Pakistan’s economy is currently facing one of its worst crises as the country’s foreign exchange reserves have fallen to a critical level of USD 4.5 billion, warned The Federation of Pakistan Chambers of Commerce & Industry’s (FPCCI) Businessmen Panel (BMP), according to Pakistan-based The Frontier Post newspaper.
FPCCI former president and BMP Chairman Mian Anjum Nisar has said that the number is likely to drop further amid debt repayment obligations of more than USD 8 billion in the first quarter of 2023.
The country has made repayments of USD 600 million and USD 415 million to two Dubai-based commercial banks. According to reports, Pakistan after the loan repayments will be left with less than 25 days of import cover.
Pakistan has been reeling under economic distress due to fast-depleting foreign exchange reserves, weakening rupee, and worsening macroeconomic cues, said the former FPCCI president.
This comes as the gap between inter-bank and open-market US dollar rates has widened by over ₹ 24, highlighting the difference in how the greenback is being valued in two formal marketplaces in Pakistan, reported The Frontier Post newspaper.
Customers are being charged ₹ 50-60 to the US dollar for a transaction.
According to Mian Anjum Nisar, the current situation in Pakistan has forced commercial banks to be selective in opening LCs even for sectors such as healthcare, as it has been unable to open Letters of Credit (LCs) as per its usual banking cycle.
He said that economists are predicting an imminent humanitarian and healthcare crisis in Pakistan unless strict action is taken by the State Bank of Pakistan, Ministry of Finance and other institutions to avert the disaster.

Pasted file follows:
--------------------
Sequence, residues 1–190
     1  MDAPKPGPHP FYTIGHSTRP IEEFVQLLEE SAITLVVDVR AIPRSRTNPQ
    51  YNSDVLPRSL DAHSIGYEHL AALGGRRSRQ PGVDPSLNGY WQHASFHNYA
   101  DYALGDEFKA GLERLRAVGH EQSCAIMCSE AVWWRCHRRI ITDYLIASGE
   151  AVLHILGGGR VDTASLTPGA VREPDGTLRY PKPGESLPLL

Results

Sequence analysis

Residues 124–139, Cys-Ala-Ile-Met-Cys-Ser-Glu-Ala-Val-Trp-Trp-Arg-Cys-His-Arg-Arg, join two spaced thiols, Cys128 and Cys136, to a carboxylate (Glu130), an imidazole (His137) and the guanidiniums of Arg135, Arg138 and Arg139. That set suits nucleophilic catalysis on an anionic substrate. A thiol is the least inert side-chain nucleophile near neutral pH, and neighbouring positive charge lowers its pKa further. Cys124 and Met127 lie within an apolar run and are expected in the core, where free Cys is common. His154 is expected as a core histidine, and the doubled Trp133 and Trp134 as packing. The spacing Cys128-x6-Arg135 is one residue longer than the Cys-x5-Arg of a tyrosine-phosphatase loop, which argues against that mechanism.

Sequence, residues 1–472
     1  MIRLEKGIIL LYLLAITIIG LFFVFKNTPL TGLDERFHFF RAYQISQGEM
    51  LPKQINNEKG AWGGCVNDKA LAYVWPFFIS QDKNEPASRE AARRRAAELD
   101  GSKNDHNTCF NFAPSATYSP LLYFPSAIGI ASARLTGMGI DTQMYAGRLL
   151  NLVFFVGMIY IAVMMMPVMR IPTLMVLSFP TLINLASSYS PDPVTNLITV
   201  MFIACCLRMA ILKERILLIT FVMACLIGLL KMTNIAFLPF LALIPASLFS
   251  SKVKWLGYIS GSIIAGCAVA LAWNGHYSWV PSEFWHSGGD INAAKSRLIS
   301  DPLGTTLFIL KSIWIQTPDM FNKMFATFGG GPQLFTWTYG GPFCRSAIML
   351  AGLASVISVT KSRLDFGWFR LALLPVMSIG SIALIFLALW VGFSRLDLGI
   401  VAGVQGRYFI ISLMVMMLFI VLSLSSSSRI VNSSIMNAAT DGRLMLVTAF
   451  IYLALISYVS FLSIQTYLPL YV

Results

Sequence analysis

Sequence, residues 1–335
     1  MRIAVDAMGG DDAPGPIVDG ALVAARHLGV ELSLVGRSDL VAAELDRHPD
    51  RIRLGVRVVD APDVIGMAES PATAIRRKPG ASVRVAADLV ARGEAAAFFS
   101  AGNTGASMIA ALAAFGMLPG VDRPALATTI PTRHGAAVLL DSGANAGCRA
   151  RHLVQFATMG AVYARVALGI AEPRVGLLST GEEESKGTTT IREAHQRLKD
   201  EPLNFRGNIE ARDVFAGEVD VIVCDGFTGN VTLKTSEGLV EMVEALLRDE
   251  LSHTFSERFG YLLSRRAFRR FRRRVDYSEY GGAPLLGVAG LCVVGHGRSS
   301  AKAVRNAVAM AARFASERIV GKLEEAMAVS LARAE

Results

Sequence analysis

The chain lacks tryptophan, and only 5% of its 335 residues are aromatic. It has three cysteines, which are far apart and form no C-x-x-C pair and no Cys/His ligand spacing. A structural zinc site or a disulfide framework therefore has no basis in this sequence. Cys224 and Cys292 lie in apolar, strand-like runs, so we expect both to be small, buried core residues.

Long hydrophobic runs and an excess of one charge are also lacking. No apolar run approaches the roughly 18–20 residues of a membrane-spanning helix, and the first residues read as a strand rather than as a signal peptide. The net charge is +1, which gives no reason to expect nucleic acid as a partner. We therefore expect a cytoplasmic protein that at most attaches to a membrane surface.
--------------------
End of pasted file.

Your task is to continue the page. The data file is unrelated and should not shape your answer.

A recent The Express Tribune report said that Pakistan citizens are left to bear the brunt of rulers’ failed policies that resulted in historic inflation, jacked up petroleum prices, and devalued rupee, as well as warnings of impending bankruptcy among other things.
In what appears to be the country’s closest brush with nightmarish default, the ruling parties found themselves bankrupt, both financially and intellectually amid Pakistan’s economy facing a collapse.
Since the change of government in April, the parliament remained dysfunctional, assemblies were on the verge of being dissolved, terrorism reared its ugly head yet again, and political turmoil kept intensifying with each passing day, hurting the economy, reported The Express Tribune.
Amid all of this, it was the year of the rise of the populist narrative and the PML-N-led ruling alliance tried its best to avoid snap polls; even local bodies elections after seeing PTI’s winning streak in by-elections and got itself labelled as the one running away from polls.
Throughout the year, the political elite failed to agree to play by any rules of the game amid the falling economic health of the country, reported The Express Tribune.
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